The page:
October 20th, 2010
I don’t understand why I do it. All I know is that I do. And I enjoy it. There’s almost no greater feeling to me. It’s like a drug. Like the most addictive drug. I can’t stop. I’ve tried to stop.
But I think I don’t want to. I think that’s why I can’t. Because I don’t want to. And why should I? There’s no reason to. It makes me feel good.
They say that people like me are sick. That we have no place in the world. Not just the civilized world, but all the world. They lock us away in jails or mental homes. Sometimes they say we’re
“insane” and give us the “help we need.” Other times they shut us behind bars and throw away the key. Quarantine us so that our “sickness” can’t claim more victims.
But I don’t think I’m sick. I’m just different. Like the gays. My mind doesn’t work like everyone else’s, but it isn’t sick. It’s different. Nobody thinks the gays are sick. They may think
they’re wrong, or maybe they’re sinners. But nobody thinks they’re sick.
Because the world thinks I’m sick, it’s difficult for me to get my fix. It isn’t quite as easy as walking down the street and knocking on the door of the local dealer. No. What I need is special,
and it must be handled with care. But it’s worth it. The rush is very much worth it.
There is almost no greater joy than watching the life bleed out of another human’s eyes. To see terror shimmer in their tears, and to hear distress quiver in their voice. Sometimes they mince
their words, but it’s the best when they can’t say anything at all. They try and try but nothing comes out besides a almost adorable squeak. How it fills me with pride to get this confirmation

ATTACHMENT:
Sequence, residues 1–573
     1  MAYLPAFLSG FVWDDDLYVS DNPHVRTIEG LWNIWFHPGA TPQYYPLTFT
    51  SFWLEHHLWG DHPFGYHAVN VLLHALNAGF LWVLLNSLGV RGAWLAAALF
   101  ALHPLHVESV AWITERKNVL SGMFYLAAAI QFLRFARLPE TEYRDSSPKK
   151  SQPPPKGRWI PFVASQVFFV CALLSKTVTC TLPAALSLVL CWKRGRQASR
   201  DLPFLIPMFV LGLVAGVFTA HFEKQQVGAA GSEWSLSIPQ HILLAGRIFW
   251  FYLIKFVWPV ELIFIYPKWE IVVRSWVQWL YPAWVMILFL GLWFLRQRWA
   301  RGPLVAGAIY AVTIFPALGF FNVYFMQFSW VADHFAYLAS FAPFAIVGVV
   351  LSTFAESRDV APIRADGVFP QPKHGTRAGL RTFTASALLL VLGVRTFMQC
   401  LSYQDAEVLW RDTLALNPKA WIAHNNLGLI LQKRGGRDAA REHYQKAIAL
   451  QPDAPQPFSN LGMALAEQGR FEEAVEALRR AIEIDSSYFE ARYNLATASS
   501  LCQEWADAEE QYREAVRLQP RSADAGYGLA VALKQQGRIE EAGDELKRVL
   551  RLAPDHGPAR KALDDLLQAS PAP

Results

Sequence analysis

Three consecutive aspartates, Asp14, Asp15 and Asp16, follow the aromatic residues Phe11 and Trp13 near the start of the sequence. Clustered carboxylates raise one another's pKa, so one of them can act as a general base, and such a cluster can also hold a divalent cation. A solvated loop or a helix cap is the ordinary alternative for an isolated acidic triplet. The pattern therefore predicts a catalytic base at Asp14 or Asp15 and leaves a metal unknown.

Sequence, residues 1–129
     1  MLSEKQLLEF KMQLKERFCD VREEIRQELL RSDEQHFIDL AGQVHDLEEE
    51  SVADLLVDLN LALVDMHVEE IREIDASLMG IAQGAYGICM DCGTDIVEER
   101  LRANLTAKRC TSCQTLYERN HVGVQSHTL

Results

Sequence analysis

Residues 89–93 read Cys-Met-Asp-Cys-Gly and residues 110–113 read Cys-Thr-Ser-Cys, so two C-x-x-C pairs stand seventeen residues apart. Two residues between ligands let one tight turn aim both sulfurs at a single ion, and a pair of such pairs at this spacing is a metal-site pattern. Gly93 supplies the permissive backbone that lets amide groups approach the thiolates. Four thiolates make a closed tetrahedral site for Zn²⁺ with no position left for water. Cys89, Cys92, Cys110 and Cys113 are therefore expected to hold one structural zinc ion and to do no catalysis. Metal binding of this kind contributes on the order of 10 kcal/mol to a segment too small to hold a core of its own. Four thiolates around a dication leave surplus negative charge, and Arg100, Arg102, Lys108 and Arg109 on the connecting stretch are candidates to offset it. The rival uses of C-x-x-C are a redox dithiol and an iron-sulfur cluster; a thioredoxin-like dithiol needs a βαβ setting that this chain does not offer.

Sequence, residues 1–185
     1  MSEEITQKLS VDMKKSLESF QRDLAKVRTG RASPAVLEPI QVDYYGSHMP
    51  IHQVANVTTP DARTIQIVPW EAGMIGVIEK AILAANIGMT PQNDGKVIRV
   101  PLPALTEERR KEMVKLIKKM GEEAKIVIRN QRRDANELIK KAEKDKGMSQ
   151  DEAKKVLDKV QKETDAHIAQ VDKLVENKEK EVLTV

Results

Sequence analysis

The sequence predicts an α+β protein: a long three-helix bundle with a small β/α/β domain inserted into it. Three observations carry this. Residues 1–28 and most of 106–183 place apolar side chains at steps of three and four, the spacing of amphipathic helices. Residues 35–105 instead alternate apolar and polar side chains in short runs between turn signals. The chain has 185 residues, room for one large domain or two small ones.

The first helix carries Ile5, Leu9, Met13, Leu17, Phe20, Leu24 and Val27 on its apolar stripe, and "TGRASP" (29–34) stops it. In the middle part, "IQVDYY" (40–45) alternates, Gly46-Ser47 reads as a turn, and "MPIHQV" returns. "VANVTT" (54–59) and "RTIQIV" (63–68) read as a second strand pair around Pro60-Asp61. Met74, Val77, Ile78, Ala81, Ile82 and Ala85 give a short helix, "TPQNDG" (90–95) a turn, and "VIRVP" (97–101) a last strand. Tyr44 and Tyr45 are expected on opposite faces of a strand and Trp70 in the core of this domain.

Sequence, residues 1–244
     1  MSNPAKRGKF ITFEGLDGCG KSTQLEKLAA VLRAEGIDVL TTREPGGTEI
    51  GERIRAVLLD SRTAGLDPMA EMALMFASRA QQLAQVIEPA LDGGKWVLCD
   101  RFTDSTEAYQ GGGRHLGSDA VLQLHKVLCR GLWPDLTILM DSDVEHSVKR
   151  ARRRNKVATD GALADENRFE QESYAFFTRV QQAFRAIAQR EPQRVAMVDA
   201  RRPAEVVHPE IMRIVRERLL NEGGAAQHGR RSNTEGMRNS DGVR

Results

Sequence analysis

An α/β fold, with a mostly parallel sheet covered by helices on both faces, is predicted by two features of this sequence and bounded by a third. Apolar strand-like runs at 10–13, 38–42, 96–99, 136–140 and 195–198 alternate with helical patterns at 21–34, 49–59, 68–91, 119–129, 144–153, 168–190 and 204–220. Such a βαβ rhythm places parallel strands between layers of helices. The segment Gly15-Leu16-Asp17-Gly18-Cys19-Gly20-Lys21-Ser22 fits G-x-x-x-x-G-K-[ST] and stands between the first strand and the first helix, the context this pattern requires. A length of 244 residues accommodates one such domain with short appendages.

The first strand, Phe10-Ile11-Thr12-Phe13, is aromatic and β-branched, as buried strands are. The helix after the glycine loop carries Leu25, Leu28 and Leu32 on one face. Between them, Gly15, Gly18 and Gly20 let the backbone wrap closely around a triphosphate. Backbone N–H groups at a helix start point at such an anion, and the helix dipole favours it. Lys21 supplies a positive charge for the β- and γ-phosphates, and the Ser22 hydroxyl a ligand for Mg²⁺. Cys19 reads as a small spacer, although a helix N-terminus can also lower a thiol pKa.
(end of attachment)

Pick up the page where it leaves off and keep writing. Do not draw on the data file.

that I’ve done my job, and that I’ve done it well.
That’s how I felt tonight. I was afraid that the task would leave me hollow. She was so frail that I expected her to break in mere minutes. But she lasted, shaking the whole time. A few raspy
words left her lips, but otherwise she said nothing. I played with her a while, wrapping my fingers around her neck and squeezing until her eyes rolled back in her head. Then I’d let go, let her
breathe. She looked at me with pleading, beautiful eyes. I loved the way that felt. Loved having that power. Loved watching her beg. But I didn’t tell her that. No. I felt merciful tonight, at
least just a little. I told her I was sorry. I asked her to forgive me. Then I broke her neck.
Of course, I wasn’t sorry, and I couldn’t care less about her forgiveness. I don’t expect her to forgive me either. Not after how I’d rifled through her purse and burned her body. The fire is
still crackling behind me. I’ll have to feed it soon. I can still make out her face.
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